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XBOX ONE, A Stride Towards The Future — First Impressions

Greetings, my fellow nerds! We live in the age of installs, patches and updates, with hardware being altered and expanded upon before the blink of an eye. While I will be touching on some of the Xbox One’s current core capabilities, consider this a friendly reminder that these features are subject to change. Game on!

Microsoft was an enormous underdog when it entered the gaming scene back in 2001, looking to contend with the “Kujos” of that time period, Sony and Nintendo. It was a steep hill to climb, and the original Xbox was as ambitious as the Sega Dreamcast, only with a more controlled emphasis on social gaming with Xbox Live. Over a decade and two consoles later, the Xbox brand has risen to supreme viability and lead the charge on the advancement of not gaming itself, but the overall entertainment experience. The Xbox One is yet another step forward in this philosophy, pushing the total experience in a fresh direction that involves every facet of entertainment.


When Microsoft originally unveiled its plans for the Xbox One, I was one of the many skeptics who questioned their heightened focus on media unrelated to gaming, for it was this very thing that Sony was scrutinized for in the last generation of gaming (“It Only Does Everything,” anyone?) and the addition of DRM restrictions and requiring internet functionality didn’t help Microsoft’s case for a $499 purchase. After a tough summer of listening to harsh criticism and adjusting their policies to better accommodate its loyal fan base, the Xbox One is finally here. The verdict: It’s the most badass Xbox yet, and I’m here to tell you why.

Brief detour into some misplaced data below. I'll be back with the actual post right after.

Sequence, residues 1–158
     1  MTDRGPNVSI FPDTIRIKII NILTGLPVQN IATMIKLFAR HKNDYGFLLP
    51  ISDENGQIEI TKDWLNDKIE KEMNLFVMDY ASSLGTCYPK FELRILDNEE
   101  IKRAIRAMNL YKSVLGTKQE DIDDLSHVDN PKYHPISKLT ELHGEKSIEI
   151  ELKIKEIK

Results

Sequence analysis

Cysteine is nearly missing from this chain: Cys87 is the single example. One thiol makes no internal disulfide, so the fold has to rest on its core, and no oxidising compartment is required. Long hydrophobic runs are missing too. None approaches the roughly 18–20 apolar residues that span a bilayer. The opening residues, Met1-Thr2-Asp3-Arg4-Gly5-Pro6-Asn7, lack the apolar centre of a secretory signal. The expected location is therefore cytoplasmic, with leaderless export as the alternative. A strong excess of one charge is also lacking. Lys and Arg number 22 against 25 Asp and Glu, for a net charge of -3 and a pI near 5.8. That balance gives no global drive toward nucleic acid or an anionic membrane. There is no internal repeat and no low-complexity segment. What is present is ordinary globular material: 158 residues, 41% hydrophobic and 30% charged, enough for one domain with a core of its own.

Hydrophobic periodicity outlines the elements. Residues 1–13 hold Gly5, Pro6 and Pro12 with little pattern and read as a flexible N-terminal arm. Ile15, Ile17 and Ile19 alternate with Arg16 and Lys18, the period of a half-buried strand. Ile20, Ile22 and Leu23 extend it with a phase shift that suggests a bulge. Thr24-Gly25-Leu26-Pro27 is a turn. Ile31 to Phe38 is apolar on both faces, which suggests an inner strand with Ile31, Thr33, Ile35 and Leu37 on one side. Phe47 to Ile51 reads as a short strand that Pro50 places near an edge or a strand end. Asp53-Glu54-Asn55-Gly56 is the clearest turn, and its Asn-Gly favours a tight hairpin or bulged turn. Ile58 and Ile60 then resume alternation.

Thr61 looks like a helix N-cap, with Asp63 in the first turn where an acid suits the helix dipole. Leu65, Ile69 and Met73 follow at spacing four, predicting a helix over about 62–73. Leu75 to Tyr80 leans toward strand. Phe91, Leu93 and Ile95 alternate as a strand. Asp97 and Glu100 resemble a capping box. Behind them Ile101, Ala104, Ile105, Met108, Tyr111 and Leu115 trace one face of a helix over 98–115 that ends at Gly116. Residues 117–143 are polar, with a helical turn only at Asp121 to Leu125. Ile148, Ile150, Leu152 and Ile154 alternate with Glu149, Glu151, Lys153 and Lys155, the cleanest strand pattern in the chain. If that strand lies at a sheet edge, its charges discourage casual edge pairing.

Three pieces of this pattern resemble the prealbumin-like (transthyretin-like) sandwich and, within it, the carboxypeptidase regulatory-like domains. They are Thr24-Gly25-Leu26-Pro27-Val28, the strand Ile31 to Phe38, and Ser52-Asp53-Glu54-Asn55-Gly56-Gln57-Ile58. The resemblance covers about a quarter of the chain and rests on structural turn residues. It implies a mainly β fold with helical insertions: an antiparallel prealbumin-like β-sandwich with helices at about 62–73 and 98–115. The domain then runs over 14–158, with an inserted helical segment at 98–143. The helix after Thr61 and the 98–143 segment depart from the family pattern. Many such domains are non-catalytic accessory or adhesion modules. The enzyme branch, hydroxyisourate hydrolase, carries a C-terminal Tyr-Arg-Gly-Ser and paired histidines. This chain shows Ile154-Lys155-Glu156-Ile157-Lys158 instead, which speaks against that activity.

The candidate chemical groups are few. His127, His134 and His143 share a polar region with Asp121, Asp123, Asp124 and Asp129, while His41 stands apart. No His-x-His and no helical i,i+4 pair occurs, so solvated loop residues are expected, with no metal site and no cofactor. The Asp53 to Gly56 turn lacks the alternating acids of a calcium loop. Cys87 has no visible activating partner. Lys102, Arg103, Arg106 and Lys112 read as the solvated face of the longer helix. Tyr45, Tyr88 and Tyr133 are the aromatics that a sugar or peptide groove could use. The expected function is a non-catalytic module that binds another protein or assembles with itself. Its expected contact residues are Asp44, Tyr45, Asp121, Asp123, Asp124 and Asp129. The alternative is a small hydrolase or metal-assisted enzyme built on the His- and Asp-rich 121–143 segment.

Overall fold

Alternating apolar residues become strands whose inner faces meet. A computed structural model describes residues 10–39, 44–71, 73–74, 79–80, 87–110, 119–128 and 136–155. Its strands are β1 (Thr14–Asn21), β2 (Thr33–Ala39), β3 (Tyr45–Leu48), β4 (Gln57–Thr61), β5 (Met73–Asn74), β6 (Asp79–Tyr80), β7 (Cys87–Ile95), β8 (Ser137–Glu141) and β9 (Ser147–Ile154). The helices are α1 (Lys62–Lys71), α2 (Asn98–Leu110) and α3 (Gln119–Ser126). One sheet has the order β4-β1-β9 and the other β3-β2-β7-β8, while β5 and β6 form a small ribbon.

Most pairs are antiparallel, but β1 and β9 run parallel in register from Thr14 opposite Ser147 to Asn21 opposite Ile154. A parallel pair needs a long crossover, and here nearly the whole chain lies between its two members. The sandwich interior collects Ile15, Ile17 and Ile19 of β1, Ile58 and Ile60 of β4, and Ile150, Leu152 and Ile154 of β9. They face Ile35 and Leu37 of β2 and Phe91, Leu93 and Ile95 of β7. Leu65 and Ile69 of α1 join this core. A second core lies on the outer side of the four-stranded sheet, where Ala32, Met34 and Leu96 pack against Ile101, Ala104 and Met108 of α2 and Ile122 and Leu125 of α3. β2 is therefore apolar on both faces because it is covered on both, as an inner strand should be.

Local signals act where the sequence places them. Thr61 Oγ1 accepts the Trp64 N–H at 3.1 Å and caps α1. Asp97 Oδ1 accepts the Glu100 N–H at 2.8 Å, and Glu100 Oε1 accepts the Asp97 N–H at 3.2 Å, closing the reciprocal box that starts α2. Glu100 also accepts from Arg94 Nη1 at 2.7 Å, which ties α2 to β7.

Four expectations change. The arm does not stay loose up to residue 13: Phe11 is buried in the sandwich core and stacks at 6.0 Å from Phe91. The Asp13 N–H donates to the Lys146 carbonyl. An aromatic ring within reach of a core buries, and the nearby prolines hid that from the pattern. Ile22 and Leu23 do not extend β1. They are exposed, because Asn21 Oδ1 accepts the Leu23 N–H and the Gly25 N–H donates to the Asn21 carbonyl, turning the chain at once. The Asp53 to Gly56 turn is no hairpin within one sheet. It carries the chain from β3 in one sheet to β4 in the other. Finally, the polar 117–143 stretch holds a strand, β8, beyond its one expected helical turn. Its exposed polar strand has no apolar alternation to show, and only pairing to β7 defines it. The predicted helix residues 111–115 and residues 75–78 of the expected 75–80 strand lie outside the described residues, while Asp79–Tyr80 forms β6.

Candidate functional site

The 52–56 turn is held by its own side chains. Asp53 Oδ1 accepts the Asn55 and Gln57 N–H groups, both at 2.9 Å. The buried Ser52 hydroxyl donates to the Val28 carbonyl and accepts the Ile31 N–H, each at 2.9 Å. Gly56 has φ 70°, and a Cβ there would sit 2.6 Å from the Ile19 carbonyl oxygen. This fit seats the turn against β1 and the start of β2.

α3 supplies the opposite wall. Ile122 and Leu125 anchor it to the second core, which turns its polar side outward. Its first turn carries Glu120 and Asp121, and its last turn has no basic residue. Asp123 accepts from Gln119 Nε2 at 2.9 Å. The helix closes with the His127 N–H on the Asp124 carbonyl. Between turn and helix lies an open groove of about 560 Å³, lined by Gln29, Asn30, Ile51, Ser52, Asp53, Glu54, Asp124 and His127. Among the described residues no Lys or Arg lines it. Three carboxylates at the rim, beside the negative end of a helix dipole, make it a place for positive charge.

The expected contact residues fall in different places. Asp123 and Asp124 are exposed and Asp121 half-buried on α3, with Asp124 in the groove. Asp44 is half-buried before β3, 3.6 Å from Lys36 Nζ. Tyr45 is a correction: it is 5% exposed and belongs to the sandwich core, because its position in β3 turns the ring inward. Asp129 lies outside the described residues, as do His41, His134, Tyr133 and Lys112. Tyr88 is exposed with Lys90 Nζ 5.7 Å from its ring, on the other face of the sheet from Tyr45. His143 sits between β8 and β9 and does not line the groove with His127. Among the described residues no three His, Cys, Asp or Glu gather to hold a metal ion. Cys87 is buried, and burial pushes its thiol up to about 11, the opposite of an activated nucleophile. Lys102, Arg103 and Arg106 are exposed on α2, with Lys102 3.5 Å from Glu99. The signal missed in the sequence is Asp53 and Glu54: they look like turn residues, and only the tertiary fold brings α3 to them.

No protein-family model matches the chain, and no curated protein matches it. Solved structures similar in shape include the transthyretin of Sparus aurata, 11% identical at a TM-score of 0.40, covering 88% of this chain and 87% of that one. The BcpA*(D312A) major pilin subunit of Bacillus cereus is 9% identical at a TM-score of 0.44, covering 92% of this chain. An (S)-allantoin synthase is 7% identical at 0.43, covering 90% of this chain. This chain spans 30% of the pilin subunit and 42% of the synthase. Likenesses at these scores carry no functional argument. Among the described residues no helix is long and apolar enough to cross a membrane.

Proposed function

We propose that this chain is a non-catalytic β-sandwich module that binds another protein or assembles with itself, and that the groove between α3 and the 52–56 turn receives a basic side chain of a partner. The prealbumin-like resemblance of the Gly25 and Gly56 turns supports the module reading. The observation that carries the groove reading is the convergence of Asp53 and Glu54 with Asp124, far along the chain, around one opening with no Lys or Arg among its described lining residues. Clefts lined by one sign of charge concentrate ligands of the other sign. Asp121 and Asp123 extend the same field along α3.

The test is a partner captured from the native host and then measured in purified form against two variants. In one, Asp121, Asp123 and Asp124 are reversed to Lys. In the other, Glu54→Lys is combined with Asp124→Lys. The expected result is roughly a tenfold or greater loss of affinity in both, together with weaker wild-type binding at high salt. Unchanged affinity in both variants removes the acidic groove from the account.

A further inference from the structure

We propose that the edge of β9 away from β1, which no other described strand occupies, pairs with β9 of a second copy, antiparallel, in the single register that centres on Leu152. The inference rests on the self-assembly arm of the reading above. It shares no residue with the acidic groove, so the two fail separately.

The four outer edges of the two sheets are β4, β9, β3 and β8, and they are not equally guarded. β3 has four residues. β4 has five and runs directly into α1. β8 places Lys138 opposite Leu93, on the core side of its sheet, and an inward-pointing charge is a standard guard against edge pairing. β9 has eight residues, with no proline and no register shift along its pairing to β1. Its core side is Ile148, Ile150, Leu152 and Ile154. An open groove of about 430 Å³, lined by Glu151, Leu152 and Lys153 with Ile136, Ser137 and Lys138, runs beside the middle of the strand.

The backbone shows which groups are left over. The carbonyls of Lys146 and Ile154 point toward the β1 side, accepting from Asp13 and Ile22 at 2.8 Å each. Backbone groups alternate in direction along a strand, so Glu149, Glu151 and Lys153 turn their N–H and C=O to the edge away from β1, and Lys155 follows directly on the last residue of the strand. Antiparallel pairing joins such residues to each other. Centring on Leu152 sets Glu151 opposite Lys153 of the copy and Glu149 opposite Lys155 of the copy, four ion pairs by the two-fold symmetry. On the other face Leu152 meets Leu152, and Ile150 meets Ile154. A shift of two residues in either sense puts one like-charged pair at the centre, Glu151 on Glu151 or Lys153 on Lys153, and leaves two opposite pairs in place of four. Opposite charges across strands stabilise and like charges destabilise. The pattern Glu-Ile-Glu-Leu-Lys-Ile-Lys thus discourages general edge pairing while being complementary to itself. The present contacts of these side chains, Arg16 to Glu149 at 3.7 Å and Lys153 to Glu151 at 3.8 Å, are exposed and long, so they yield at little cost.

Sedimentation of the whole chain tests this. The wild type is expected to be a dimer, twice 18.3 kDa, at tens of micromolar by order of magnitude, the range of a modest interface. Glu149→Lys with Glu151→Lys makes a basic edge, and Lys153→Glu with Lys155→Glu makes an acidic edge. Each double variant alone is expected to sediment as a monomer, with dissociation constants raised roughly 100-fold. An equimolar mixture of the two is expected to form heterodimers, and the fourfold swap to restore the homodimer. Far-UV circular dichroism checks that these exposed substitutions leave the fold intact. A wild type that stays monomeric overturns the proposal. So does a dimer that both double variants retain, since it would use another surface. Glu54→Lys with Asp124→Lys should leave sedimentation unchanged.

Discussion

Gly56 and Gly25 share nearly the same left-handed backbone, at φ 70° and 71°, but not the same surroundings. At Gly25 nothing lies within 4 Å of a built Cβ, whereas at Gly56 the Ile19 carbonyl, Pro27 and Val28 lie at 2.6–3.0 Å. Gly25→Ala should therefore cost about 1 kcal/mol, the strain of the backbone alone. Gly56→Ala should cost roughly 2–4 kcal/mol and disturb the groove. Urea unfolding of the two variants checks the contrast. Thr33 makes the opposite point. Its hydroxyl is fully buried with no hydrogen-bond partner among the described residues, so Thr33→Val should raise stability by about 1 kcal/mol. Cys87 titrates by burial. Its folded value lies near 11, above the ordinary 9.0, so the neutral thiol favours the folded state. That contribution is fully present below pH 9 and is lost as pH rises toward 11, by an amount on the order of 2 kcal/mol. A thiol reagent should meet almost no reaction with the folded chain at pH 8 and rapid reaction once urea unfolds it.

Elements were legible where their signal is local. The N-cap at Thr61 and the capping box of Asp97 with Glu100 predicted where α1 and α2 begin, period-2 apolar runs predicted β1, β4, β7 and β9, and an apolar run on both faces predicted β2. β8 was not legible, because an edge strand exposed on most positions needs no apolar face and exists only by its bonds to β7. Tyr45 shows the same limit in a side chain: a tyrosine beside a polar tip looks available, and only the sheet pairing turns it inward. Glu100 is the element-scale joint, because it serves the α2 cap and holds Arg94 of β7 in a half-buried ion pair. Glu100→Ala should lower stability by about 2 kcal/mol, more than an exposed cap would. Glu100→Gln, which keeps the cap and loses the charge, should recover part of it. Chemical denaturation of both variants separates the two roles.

“Oh, no, they didn’t adjust the dashboard to look like the notorious Windows 8,” says the stern “z-snapping” detractor of Microsoft’s latest iteration of the PC operating system. If this sounds like you, there’s a high chance that the Xbox One’s “Live Tile” setup will fail to grip you at first glance. Trust me, I’m one of those people, but given a little time with the new dashboard, it became clear to me that the Windows 8-inspired theme works substantially better for the Xbox One than it does any PC. I guess this makes sense considering that Windows 8 is initially an enhanced take on the 360’s old dashboard. Navigating around the Xbox has never been more seamless, and you can even customize your dashboard with different colors or by pinning certain applications to make them more accessible.

While for the most part identical to its predecessor, the Xbox One controller does improve on certain aspects while regressing in others. The clickable directional pad is far more bearable than the sloppy and inconvenient one found on the 360. The addition of haptics to the triggers is also a welcomed change, though it takes some getting use to having them vibrate with every press. But the bumpers feel very stiff and damn near unpressable at times. I blame this on their slight enlargement and lifted placement closer to the triggers, which proved to be quite the discomfort after a few hours of playing with them. I’m not as sold on the One’s controller as I was on the 360’s, but nevertheless it’s still a very solid gamepad.